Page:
Again, however, public accommodations are generally not required to take action that would result in undue financial burden or be excessively difficult to implement.
- Title IV – Telecommunications
Title IV of the ADA requires telephone and television companies to provide telecommunications relay services (TRS) for individuals with hearing and speech impediments as well as closed caption broadcasting of public service announcements.
- Title V – Miscellaneous
Title V of the ADA covers miscellaneous provisions that apply generally to application of the ADA. It includes:
The ADA does not invalidate other federal, state or local laws. If another federal, state or local law provides more protections or remedies, the law with the greater protection applies.
Some conditions such as sexual behavior disorders, compulsive gambling, illegal use of drugs are excluded from protection under the ADA. Homosexuality and bisexuality are not protected under the ADA because they are not disabilities.
Retaliation and intimidation are prohibited. This applies to both persons with disabilities and persons without disabilities working on behalf of individuals with disabilities.
An individual cannot make a claim of reverse discrimination under the ADA.
The U.S. Congress is the only branch of the federal government covered by the ADA.
If You Believe Your Civil Rights Have Been Violated, What Are Your Options?
Generally, the first step is to file a claim of discrimination with a federal or state agency. Complaints usually have to be filed within 180 days of the date of discrimination.
- ADA Title I claims may be filed with the U.S. Equal Employment Opportunity Commission (EEOC) or state agencies such as the Massachusetts Commission Against Discrimination (MCAD). Complaints must be filed within 180 days of the date of discrimination, or 300 days if the charge is filed with a designated State or local fair employment practice agency.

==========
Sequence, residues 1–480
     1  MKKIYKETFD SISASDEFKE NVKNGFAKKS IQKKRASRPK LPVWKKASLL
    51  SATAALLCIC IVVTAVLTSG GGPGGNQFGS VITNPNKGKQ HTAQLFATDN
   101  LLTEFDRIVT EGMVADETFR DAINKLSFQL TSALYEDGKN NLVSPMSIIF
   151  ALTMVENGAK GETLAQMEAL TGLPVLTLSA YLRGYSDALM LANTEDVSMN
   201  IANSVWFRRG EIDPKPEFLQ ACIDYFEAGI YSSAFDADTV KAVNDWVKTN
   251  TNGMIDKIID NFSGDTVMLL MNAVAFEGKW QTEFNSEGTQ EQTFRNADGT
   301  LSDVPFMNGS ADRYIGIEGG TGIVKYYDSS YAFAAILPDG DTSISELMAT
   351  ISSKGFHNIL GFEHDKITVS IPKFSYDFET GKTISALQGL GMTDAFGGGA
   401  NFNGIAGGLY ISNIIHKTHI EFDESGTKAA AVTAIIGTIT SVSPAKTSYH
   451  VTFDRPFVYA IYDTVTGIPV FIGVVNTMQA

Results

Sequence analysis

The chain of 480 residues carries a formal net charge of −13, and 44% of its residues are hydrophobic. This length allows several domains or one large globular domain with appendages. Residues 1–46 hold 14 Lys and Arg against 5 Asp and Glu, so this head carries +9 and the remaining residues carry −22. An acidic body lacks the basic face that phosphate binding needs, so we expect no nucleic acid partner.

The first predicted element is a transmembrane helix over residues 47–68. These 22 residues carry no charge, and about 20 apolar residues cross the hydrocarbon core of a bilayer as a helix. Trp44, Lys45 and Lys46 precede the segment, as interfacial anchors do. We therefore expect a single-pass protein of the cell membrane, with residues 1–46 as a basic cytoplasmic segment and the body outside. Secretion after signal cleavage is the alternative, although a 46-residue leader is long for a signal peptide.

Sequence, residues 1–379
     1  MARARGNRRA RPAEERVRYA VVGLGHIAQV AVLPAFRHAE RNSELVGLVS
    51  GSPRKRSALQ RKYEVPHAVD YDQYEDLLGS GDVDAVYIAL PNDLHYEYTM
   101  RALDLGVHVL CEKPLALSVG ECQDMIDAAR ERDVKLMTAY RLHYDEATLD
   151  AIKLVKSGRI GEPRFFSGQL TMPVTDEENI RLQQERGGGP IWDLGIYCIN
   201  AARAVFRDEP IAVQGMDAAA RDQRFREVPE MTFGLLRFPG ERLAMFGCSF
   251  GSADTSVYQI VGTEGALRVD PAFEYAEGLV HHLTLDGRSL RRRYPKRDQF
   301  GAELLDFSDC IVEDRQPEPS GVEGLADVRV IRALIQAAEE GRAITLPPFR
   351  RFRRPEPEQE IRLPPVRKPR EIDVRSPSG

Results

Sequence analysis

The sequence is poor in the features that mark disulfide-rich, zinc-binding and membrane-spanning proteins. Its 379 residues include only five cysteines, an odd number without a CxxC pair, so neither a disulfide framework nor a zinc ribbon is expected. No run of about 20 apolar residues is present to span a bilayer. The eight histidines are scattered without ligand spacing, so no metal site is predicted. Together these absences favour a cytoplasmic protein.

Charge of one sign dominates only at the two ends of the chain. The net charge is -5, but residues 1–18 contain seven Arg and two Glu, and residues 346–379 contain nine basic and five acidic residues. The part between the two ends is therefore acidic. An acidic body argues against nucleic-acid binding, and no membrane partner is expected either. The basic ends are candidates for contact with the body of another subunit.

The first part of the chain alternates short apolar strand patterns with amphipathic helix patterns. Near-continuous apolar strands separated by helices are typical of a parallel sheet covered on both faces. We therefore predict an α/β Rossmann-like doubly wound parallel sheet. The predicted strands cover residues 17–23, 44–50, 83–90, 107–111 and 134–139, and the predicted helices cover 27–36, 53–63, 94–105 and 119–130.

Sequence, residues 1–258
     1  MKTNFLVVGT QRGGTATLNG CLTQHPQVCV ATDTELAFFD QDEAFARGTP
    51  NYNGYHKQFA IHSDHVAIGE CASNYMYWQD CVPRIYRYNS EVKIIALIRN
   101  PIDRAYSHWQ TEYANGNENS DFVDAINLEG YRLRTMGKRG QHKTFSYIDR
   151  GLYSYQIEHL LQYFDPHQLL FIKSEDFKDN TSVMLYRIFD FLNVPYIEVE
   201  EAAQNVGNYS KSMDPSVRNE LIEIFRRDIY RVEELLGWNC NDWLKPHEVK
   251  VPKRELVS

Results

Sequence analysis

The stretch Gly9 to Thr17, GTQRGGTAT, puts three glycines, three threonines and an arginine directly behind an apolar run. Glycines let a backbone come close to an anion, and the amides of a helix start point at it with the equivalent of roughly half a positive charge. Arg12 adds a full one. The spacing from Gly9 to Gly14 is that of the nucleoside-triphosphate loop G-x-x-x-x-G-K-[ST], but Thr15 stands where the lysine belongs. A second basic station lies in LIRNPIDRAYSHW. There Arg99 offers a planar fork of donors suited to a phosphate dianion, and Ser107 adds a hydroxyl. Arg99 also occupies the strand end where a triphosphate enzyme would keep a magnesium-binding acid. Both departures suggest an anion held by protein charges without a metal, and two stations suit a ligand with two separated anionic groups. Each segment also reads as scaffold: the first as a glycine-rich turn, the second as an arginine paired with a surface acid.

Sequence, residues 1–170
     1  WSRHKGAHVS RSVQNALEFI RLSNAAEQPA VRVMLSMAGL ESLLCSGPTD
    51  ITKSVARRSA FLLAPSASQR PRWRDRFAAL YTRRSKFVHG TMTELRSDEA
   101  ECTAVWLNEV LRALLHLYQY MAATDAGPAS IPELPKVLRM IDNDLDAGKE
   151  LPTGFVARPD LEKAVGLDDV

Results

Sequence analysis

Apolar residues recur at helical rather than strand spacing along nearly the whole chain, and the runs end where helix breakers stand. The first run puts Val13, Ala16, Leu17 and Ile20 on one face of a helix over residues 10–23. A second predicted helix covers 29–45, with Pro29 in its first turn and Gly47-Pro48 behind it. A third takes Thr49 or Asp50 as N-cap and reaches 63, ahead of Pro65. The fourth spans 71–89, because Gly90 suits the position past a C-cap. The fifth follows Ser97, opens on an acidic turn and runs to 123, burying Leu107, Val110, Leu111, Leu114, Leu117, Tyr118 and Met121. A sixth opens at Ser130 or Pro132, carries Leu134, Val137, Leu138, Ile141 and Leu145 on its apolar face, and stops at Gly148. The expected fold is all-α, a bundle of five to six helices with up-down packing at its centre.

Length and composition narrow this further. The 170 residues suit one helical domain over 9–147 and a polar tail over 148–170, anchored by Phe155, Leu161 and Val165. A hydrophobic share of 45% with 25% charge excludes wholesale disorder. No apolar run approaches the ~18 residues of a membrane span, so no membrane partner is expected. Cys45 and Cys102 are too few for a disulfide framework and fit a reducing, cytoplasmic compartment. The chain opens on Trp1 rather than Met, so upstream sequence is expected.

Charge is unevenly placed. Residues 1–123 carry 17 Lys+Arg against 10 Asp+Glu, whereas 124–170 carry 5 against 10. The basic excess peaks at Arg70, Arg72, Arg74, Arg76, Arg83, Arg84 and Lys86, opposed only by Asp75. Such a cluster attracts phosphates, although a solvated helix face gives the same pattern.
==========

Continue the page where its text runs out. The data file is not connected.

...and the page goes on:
- Individuals must receive a right-to-sue letter from the EEOC before they can file a lawsuit in Federal court.
- ADA Title II complaints may be filed with the U.S. Department of Justice (DOJ) within 180 days of the date of discrimination.
- ADA complaints regarding public transportation should be filed with the U.S. Department of Transportation, Federal Transit Administration, Office of Civil Rights.
- ADA Title III complaints related to public accommodations may be filed with the U.S. Department of Justice, Civil Rights Division. Individuals may also file a private lawsuit. Class action lawsuits are often filed in cases alleging violations of public accommodations.
- ADA Title IV complaints regarding telephone or television accessibility should be addressed to the Federal Communications Commission (FCC).
The ADA allows the prevailing party, except if the prevailing party is the United States government, to recover reasonable attorney’s fees in court or administrative proceedings.
Parties are also encouraged to use alternative dispute resolution to resolve grievances early on in the process. This includes mediation, arbitration, settlement negotiations and conciliation.
Don’t Forfeit Your Civil Rights Due to a Technicality
The ADA is a powerful and far reaching law that works to protect the civil rights of disabled persons. However, it is also a complicated statute with numerous nuances and exceptions. If you miss a deadline, your grievance may be dismissed on a technicality. If you believe your civil rights have been violated, you should contact a civil rights attorney immediately to discuss your case.